What do you get when you combine a classical pianist, a controversial presidential election and the sun? Solar-powered nature music. WMRA’s Faith Pinho has the story of Jonathan Cook, a musician in Lexington who is taking inspiration from the sound – and energy – of nature.
[Music Intro – Creekflow (just water)]
What you’re listening to is the sound of Woods Creek in Lexington.
[Music Intro – Creekflow (music begins)]
And those are the sounds of Jonathan Cook, a local musician who is making a living by bringing his classical piano training outdoors.
COOK: I constantly spent time in the woods and always wondered why my music and artistic life was separate from this deep love of nature and of environmental issues.
Cook’s background is in classical piano. He earned a masters degree in piano performance from University of Michigan, commissioned a few of his own compositions for the New Jersey Music Teachers’ Association, and he’s served as musical director and organist at several churches.
But a year ago, he decided to explore making music electronically. And then came the presidential election in November, which Cook says was a turning point that motivated him to bring together his love of nature and music. And it changed his focus.
COOK: What I do with my music has to be with renewable energy, has to be for an environmental cause, was a question I answered after the election. I did a lot of soul-searching and questioning in that period of time. Knowing that renewable energy had made so much progress over the last eight years and that it was going to roll back at least in terms of government support from the federal government.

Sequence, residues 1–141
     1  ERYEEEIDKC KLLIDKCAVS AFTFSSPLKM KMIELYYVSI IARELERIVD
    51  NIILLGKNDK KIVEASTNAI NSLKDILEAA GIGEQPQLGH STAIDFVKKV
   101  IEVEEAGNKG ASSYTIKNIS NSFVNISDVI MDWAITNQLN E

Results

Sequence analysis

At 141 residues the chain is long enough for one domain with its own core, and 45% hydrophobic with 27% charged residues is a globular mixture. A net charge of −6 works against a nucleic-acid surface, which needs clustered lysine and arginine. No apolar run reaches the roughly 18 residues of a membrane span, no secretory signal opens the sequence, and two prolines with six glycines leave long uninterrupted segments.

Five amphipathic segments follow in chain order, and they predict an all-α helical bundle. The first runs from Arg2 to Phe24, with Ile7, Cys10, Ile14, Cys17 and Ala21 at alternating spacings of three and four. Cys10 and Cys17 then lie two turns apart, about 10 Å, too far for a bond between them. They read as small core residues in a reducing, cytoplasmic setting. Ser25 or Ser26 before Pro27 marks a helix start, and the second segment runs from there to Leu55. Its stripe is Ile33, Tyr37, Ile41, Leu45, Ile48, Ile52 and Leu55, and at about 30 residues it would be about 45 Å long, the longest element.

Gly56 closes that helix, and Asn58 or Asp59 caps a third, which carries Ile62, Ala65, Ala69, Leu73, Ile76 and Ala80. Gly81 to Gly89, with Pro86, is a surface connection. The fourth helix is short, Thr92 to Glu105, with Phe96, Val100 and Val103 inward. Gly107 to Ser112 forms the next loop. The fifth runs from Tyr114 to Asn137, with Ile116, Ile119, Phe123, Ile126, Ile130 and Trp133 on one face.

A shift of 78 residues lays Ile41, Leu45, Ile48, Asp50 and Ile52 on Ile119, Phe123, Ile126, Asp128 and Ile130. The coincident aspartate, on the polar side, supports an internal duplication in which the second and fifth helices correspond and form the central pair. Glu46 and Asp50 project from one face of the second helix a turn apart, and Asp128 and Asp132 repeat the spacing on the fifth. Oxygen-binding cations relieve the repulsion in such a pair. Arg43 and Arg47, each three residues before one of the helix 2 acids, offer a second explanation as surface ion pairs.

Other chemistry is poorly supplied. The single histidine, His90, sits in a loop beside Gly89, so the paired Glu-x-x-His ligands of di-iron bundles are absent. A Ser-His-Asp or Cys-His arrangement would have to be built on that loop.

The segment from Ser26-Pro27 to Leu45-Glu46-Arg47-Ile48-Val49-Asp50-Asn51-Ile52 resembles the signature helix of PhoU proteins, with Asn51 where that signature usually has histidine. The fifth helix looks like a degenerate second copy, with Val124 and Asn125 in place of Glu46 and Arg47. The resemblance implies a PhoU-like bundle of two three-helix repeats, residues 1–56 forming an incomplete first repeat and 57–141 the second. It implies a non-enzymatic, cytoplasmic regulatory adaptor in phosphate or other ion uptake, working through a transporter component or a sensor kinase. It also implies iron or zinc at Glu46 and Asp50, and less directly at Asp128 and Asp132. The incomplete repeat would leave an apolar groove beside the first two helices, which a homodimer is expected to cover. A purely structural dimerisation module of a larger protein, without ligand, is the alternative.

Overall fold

His answer? Solar-powered nature music.
It goes like this: First, Cook ventures into nature to collect sound. He has clips of the ocean beating the shore in Oregon…
…of feet crunching through dry grass in Michigan…
…and of birds singing right here in Virginia.
COOK: Yeah, I’ve recorded a fair amount in my backyard actually. One morning I went out, I just took the trash out in the morning and the birds in the backyard were exquisite.
Once Cook has a good collection of outdoor noise, he then composes pieces of music, incorporating the sounds of nature as though they were just added instrumentation.
COOK: It becomes a layer of the music and what’s really neat about that is being able to interact with that layer of sound with the musical layers I’m creating. So if there’s waves, for instance. You’ll hear a big wave crash and you’ll hear a big wave of musical part. So I can essentially play a duet with nature.
Now, Cook certainly isn’t the first – or only – musician to compose using nature sounds. But the final step in his process is pretty unusual. All the hours of gathering sound, composing music and recording -- in one of his three in-home studios – is powered through energy from the sun, which Cook collects via three solar panels in his backyard.
And because everything is run on a solar-powered battery, his keyboard and mixing station are mobile. Cook has performed in a park, on a mountaintop and, most recently, during a Rockbridge Community Yoga class.
SULLIVAN: Yoga to me…I connect that a lot with nature to begin with. The poses, the feeling, the whole experience of yoga, I always visualize being out in nature when I do yoga.
That’s Jessica Sullivan, a 52-year-old early education coordinator at Boxerwood Garden in Lexington. She attended the yoga class at Lylburn Downing Community Center, where Cook performed his nature songs. She says the connection between the music – and yoga teacher Karen Stanley – helped her to focus on her practice.
SULLIVAN: I really felt like the sounds of nature just brought me right back to where I needed to be for the practice. The type of music that he had working in there – no chanting or words – really helped with my breathing. It was…I enjoyed the experience a lot.
Cook’s solar-powered nature music has become pretty popular in Lexington. Karen Stanley, the yoga teacher, says that attendance at the weekly Rockbridge Community Yoga practice has been dwindling. But on the Saturday in June that Cook performed, 26 yogis showed up – more than double the normal class size.
In addition to giving local performances and playing in yoga classes, Cook is working on putting out an EP entitled “Salute the Sun.” He plans to release it at the end of August.